Amazon Studios Sued Over ‘Suspiria’ Artwork

Many moviegoers have marked their calendars for the big-budget films of the fall like Halloween, Venom, A Star is Born, First Man, and Mowgli. But early November is a movie many aren’t discussing but should certainly make your toes curl nonetheless.

Suspiria, directed by Luca Guadagnino, is a remake of the Dario Argento 1977 cult classic of the same name. The film will be put out by Amazon Studios.

And while the streaming giant borrowed an idea from 30 years ago, it seems the production house borrowed much more than that, as seen through a recent lawsuit.

According to Varietythe estate of acclaimed feminist artist Ana Mendieta sued Amazon Studios alleging that the remake “borrows” from the late artist’s work in both the trailer and the film.

See if you can tell…

Allegedly, two of Mendieta’s pieces (from the late 1970s like the original film) uncomfortably named “Rape Scene” and oddly entitled “Untitled (Silueta Series, Mexico),” are clearly seen — not as thematic inspiration but fabricated images used without authorization.

Director Luca Guadagnino has given interviews in which he said he was inspired by Mendieta’s work. In one interview, he said he wanted to remake the original “Suspiria” because it was “soaked in the ideas of feminist art.”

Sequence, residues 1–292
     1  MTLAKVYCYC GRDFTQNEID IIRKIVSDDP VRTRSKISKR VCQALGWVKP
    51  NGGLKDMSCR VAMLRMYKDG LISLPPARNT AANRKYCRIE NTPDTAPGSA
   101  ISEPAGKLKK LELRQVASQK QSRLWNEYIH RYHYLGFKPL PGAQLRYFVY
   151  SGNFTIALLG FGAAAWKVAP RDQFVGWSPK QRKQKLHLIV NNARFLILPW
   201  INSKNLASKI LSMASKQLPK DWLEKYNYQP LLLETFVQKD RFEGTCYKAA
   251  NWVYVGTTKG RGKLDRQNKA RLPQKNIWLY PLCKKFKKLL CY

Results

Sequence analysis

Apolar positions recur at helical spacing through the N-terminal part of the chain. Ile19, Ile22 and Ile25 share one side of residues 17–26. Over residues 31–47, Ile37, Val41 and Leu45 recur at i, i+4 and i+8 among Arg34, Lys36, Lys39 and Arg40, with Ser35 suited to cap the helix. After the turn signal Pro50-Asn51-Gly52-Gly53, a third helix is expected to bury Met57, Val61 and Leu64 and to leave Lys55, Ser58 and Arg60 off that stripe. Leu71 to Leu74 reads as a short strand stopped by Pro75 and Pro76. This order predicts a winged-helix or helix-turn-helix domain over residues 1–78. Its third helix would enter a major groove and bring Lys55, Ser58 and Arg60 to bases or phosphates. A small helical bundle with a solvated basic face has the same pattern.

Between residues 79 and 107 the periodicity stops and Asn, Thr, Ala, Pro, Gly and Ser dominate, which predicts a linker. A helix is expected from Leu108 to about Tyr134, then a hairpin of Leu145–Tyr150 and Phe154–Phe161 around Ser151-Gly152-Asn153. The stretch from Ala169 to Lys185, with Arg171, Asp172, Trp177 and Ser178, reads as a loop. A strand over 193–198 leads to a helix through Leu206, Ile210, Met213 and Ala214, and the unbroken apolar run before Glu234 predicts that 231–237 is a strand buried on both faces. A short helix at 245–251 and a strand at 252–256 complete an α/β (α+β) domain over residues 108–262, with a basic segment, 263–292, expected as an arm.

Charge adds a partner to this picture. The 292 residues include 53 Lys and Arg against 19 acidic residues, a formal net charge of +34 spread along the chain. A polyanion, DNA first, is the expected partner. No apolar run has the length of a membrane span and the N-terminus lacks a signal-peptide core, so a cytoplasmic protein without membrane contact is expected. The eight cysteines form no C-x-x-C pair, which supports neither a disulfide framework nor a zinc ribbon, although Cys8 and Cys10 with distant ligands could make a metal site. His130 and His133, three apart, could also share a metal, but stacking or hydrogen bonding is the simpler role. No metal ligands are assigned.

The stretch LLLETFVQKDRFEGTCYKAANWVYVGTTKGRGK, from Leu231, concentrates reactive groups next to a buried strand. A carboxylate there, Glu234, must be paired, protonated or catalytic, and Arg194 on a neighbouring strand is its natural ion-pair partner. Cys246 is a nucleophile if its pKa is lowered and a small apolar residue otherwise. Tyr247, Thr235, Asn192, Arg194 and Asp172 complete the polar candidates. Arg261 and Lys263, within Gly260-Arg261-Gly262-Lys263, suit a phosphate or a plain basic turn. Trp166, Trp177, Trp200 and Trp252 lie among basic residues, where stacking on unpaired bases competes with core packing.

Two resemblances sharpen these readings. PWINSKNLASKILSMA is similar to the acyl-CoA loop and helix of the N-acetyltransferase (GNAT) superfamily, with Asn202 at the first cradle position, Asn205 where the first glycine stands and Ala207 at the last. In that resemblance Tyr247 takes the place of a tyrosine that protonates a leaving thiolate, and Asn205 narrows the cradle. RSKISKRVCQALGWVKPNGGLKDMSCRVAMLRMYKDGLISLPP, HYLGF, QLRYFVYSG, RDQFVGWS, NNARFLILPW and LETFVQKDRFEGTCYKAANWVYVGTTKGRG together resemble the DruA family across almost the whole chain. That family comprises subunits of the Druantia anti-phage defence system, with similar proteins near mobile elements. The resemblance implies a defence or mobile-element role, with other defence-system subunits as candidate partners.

silueta
Untitled: Silueta Series, Mexico , 1976 Photograph © The Estate of Ana Mendieta Collection

Mendieta, daughter of an anti-Castro counter-revolutionary (dude spent 18 years in prison for his involvement in the Bay of Pigs), was sent to America from Cuba at age 12. Six years later, she began studying painting but searched for strong imagery. So, she made it instead.

Based on her Guggenheim bio:

In 1973, Mendieta traveled with her MFA class to Mexico, where she began her Silueta (Silhouette) series (1973–80), in which her body, or more often, a simple outline of her figure, was impressed into various sites outdoors.

Those “outlines” and silhouettes are what you see in Suspiria hanging on the wall. Allegedly. The two pieces of work cited in the lawsuit have been “removed from the film,” but the story cites “the agent flagged eight others that also bore similarities to Mendieta’s work.

Amazon Studios have not responded to interviews but the fact that a couple of pieces of art have been removed from the film speaks volumes for them.

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